• If you are citizen of an European Union member nation, you may not use this service unless you are at least 16 years old.

  • Stop wasting time looking for files and revisions! Dokkio, a new product from the PBworks team, integrates and organizes your Drive, Dropbox, Box, Slack and Gmail files. Sign up for free.


Telling the story

Page history last edited by Joe Redish 2 years, 3 months ago

Class Content I  >Modeling with mathematics  > Building your mathematical toolbelt







A critical element in understanding how equations (and the physics) works, is understanding mechanism -- how things happen. To do this, we need to consider each problem in physics as a kind of a story. Almost every problem has these elements:

  • components or objects (cast of characters)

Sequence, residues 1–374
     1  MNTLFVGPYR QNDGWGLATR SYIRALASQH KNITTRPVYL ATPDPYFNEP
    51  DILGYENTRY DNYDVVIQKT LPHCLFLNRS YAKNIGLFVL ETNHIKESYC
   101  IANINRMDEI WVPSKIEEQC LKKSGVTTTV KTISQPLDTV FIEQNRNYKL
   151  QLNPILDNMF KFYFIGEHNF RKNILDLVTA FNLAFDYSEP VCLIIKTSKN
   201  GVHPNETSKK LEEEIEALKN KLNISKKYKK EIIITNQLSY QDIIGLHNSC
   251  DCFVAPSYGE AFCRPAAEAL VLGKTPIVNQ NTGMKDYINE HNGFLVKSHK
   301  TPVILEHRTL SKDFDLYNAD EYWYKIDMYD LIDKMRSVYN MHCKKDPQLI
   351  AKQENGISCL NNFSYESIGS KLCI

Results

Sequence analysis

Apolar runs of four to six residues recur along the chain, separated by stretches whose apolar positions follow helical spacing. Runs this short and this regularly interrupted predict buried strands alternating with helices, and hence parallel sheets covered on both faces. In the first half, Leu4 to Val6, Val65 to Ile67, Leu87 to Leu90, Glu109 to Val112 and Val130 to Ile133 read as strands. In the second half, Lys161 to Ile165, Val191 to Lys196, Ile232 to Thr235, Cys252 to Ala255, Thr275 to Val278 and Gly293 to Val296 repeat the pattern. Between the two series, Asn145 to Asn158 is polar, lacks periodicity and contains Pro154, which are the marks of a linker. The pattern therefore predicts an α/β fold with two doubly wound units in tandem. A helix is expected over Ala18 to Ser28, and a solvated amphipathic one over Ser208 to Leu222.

• interactions (relationships)
  • a time sequence (plot) 
  • causes and principles (message / moral)


Too often, students look at a problem and try to directly reach for an answer without thinking about what's happening in detail and what physical principles are governing the process. Learning to "tell the story" is a critical piece of learning to do any science. We'll be developing some specific tools to help you identify and focus on the components and interactions in a problem (system schema and free-body diagrams) and our use of multiple different time graphs will help you learn to specify a sequence and not miss important parts. 


We won't provide an example here, since learning to do this requires applying specific bits of physics and you may be reading this at the beginning of the class. We'll apply these ideas in many sample problems as we go through the class. A simple example may be found in page Reading the physics in a graph.


Joe Redish 7/4/17

Comments (0)

You don't have permission to comment on this page.